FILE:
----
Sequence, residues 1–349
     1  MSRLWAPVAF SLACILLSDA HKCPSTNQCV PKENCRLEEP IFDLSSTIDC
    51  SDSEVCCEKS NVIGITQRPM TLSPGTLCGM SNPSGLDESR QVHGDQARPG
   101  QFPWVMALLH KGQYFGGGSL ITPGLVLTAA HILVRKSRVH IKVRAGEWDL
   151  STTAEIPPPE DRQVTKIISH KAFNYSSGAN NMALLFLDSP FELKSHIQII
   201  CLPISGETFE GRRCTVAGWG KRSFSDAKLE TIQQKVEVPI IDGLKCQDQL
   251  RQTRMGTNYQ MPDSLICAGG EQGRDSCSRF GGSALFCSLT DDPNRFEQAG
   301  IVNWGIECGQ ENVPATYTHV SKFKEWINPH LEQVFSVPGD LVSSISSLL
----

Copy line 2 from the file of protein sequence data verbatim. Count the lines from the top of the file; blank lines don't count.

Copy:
     1  MSRLWAPVAF SLACILLSDA HKCPSTNQCV PKENCRLEEP IFDLSSTIDC